tv & movies

How Rajkumar shot his short film ‘Janu’ in 50 hours


Up-and-coming director Rajkumar A talks about what went into the making of his short film, Janu

‘What really is life? Is it limited to living beings?’ is a question asked by the narrator Pranav Giridharan to the audience in Rajkumar A’s award-winning short film Janu. “I wanted everybody to relate to a non-living thing that still has some life in it. There is a legacy that you hold on to,” says Rajkumar.

Rajkumar, now an assistant director, forayed into cinema with no formal education in filmmaking — keeping in mind his favourite director Quentin Tarantino’s quote: “You don’t have to know how to make a movie. If you truly love cinema with all your heart and with enough passion, you can’t help but make a good movie.” This helped him while making Janu, which won this year’s 50 Hour Filmmaking Challenge at India Film Project, a content creation festival hosted in Mumbai.

The topic — ‘Reason to Road’ — was given to him at the beginning of the festival. It follows the emotional journey of a father and son and their love for a motorcycle. “The bike, Janu, bridges the gap between the two generations they come from,” he says.

About his own journey, Rajkumar says, “I am a bike enthusiast. I’ve been interested in bikes and cars ever since I was a child. My father owned an RX 100. Most of my team could connect to this particular emotion. That is how we came up with the concept.” The team that was put together by Rajkumar was, “not made up of best technicians, but are people who would go beyond the expected”.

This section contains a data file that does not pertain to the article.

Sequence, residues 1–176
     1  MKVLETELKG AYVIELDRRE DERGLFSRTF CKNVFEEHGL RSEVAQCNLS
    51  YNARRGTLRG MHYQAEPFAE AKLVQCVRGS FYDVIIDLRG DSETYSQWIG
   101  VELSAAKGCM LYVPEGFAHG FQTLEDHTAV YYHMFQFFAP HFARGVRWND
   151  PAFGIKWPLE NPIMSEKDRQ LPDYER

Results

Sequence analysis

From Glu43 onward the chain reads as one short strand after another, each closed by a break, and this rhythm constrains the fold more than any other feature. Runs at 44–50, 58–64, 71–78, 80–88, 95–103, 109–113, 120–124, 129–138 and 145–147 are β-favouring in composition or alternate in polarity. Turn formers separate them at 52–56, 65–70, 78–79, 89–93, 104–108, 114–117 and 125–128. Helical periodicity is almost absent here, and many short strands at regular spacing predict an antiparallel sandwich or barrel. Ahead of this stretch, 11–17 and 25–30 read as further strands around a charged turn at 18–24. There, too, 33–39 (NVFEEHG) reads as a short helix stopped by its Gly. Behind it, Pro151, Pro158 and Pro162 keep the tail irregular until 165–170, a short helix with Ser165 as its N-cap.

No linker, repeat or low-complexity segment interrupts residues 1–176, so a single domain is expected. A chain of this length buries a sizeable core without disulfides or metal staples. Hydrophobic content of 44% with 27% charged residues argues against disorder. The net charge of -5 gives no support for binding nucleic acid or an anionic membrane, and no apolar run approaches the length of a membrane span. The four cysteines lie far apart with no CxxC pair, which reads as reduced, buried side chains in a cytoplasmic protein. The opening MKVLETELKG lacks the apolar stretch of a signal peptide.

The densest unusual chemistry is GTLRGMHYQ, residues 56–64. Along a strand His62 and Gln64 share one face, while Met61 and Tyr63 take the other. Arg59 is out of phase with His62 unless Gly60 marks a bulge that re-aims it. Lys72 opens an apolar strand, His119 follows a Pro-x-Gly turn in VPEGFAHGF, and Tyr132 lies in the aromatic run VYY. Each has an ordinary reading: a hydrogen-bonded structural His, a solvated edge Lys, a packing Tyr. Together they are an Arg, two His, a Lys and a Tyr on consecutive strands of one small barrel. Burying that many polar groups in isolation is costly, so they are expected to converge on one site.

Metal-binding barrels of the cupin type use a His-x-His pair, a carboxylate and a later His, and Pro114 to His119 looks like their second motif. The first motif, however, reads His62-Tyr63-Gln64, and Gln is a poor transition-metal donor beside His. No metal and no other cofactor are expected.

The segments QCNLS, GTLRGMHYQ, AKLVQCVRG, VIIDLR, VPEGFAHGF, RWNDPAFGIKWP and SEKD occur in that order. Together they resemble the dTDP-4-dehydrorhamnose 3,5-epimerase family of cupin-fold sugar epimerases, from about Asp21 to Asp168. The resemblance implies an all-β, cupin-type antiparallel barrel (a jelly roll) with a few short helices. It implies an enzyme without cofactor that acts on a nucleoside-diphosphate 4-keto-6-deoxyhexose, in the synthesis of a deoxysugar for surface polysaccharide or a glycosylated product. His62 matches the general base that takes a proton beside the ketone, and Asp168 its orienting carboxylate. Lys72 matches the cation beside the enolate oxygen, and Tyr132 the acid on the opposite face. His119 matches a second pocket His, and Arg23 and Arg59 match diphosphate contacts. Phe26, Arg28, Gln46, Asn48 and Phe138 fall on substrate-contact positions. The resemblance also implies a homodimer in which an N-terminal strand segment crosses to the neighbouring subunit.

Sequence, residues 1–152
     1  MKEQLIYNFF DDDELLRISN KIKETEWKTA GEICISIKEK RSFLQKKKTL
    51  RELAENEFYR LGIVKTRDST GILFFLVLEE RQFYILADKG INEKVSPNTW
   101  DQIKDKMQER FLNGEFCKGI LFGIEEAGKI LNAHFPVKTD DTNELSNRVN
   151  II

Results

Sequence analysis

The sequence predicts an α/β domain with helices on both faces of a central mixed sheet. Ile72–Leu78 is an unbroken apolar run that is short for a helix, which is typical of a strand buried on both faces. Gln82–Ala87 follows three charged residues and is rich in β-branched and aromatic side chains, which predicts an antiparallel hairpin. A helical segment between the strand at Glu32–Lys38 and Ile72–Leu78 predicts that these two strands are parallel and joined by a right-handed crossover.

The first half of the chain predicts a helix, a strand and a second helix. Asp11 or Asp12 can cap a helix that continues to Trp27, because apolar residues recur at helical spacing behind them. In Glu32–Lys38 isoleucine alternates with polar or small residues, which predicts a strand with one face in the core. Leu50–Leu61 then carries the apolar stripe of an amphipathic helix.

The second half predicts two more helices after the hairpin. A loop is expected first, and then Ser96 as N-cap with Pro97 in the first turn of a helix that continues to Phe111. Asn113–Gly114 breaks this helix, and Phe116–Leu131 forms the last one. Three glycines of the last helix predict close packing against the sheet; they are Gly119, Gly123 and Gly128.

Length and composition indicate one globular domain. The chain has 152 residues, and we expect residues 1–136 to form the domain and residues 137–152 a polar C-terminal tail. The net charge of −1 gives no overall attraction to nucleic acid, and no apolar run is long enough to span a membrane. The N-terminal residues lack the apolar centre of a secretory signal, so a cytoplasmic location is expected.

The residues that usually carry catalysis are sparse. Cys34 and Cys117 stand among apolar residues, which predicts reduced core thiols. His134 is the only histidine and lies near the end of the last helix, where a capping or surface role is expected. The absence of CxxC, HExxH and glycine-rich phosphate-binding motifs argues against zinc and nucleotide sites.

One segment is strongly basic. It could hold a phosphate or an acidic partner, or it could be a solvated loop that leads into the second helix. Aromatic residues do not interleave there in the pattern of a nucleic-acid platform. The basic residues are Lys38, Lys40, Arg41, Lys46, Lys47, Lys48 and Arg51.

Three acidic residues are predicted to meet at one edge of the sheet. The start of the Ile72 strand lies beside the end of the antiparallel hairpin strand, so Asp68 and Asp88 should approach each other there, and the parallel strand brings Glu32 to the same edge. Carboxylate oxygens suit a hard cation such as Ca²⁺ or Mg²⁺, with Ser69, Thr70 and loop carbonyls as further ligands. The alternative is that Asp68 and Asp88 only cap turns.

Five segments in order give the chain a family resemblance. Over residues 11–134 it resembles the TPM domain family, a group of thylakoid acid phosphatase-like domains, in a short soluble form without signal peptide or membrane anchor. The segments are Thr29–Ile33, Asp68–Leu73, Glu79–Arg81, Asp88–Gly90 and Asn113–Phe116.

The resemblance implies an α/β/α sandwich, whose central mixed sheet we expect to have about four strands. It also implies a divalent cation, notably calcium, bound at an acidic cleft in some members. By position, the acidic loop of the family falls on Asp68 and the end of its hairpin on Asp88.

The film features Praveen Gunashekaran, Engles and Dinesh in lead roles. What stand out in Janu are the frames and music. “We took immense care in doing each and every frame and character. The results are a by-product of the process,” he says, adding, “Our cinematographer Ganesh Yoganathan is primarily a photographer. Maybe that is why every shot has a story in itself.”

The music for the film is done by popular composer/music producer Jerry Silvester Vincent. “The music conveys the crux of the story. Jerry composed the music simultaneously when we were shooting. He gave it to us within 10 hours,” he adds.

Rajkumar followed the advice of one of his mentors, Anjali Menon, of Bangalore Days’ fame, who had once told him, “Trust in the process and not in the result.”

Maybe that is why the journey is more important than the destination, as empathised by Rajkumar’s Janu.

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